Critical Care Classes and Training Programs

Critical care training is available for many types of medical professionals, including EMTs, nurses, physicians' assistants and other allied health workers. Review the training options for each of these workers, and find out what kinds of critical care skills you'd learn. Schools offering Fire & Emergency Services degrees can also be found in these popular choices.

What You Need to Know

Nurses, paramedics, EMTS, respiratory therapists and other healthcare professionals typically learn basic critical care skills through postsecondary degree or certificate programs. Licensed healthcare professionals who want to learn more about critical care techniques may look into standalone courses for professional development or continuing education.

Training Courses and certificates are available
Courses Advocacy, caring practices, behavioral considerations, response to diversity and the renal, cardiovascular and pulmonary systems
Responsibilities Assess and provide care in emergency situations

What Training Is Available for EMTs and Paramedics?

Emergency medical technicians (EMTs) respond to emergency calls, administering lifesaving techniques to patients with fatal illness or injury, including those experiencing stroke, respiratory issues and heart complications. Your specialized training will involve instruction in anatomy and physiology, airway management, stabilizing patients with injuries and assisting patients with cardiac emergencies. As you become more advanced, you will also learn ways to administer intravenous medication.

Upon completion of the program, you will earn a diploma or certificate, although paramedic training is more advanced and can require an associate's degree. You can find critical care courses in community or technical courses that provide instruction for the various levels of EMTs and paramedics. After completing EMT and paramedic training, you can also take courses in critical care transport.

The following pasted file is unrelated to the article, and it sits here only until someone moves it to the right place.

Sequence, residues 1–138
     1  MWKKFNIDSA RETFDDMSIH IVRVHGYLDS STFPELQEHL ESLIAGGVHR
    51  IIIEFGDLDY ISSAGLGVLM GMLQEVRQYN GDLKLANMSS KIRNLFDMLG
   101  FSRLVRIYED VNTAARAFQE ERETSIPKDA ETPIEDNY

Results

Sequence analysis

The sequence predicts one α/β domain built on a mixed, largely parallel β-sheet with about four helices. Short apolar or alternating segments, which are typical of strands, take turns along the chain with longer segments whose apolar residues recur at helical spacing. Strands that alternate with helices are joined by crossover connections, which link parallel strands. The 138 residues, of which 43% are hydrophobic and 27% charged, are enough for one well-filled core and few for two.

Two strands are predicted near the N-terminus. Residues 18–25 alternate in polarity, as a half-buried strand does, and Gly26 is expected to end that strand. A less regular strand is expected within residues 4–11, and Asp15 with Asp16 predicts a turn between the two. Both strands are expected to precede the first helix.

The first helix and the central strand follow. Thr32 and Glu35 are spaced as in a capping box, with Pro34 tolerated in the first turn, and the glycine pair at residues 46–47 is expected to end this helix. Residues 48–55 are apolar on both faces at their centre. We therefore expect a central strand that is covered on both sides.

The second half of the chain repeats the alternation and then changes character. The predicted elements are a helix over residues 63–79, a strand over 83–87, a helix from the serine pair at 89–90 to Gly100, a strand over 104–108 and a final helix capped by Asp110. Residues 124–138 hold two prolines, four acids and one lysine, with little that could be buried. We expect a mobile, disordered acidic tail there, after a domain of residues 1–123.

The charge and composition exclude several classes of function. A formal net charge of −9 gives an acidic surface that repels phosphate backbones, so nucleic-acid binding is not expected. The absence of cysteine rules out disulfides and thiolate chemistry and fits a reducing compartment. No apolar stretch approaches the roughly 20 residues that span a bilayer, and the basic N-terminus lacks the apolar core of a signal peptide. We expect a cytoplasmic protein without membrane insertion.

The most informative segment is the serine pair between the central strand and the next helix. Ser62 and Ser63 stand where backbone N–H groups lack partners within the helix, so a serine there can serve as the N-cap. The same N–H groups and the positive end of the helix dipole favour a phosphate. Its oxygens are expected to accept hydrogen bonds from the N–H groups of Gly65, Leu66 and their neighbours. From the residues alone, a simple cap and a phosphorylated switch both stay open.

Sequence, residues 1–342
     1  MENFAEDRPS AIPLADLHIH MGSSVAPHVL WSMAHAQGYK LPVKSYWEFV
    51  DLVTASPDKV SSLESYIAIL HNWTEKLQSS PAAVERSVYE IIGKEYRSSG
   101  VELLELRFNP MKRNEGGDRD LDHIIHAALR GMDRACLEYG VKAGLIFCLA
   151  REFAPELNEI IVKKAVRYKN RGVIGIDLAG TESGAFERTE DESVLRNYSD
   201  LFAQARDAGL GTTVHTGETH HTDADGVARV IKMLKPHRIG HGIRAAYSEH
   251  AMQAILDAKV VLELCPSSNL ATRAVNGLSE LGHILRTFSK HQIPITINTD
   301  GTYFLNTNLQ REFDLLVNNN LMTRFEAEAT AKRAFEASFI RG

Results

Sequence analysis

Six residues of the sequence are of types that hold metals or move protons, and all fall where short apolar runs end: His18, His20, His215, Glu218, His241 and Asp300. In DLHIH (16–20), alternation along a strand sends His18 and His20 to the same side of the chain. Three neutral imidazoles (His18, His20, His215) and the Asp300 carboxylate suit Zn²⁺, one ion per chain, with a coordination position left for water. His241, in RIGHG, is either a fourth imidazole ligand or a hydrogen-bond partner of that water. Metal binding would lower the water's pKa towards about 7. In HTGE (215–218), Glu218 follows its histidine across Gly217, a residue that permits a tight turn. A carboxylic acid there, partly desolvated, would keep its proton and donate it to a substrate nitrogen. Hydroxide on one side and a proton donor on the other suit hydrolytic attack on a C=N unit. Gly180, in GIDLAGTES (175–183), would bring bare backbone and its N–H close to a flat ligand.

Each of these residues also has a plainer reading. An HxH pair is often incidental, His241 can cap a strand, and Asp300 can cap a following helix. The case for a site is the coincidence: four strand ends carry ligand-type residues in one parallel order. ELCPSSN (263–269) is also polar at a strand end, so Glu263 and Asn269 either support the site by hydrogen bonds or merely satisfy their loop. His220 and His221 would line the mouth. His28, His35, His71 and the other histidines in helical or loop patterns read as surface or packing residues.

What Training Is Available for Nurses?

Registered nurses and licensed practical nurses work in emergency rooms and critical care units. Although you can't major in critical care nursing, you can take courses in critical and emergency nursing to enhance your skills. A two- or three-day course will demonstrate techniques for nurses in trauma and critical care. You will receive instruction in:

  • Airway management
  • Assessment techniques
  • Shock management

Critical care transport courses are often open to nurses as well. Nurse practitioners require a master's degree in nursing and you can find programs that focus on emergency care.

What Kind of Training Is Available for Allied Health Professionals?

Allied health professionals such as respiratory therapists and physicians' assistants have a role in emergency care. The function of a respiratory therapist is to alleviate breathing complications, which will make you an integral part of the critical care team. Respiratory therapists require a minimum of an associate's degree; however, you can find bachelor's degree programs in the field as well.

When pursuing a physician assistant degree, you have the opportunity to complete residency in critical care. Some continuing education courses for allied health professionals will focus on communication skills and teamwork. Within a workshop or multi-day course, you may have the opportunity to work hands-on at special practice stations.

To continue researching, browse degree options below for course curriculum, prerequisites and financial aid information. Or, learn more about the subject by reading the related articles below:

  • 1. Degree Options:
The schools in the listing below are not free and may include sponsored content but are popular choices among our users. Tuition and costs will vary across programs and locations. Be sure to always request tuition information before starting a program.

Popular Schools

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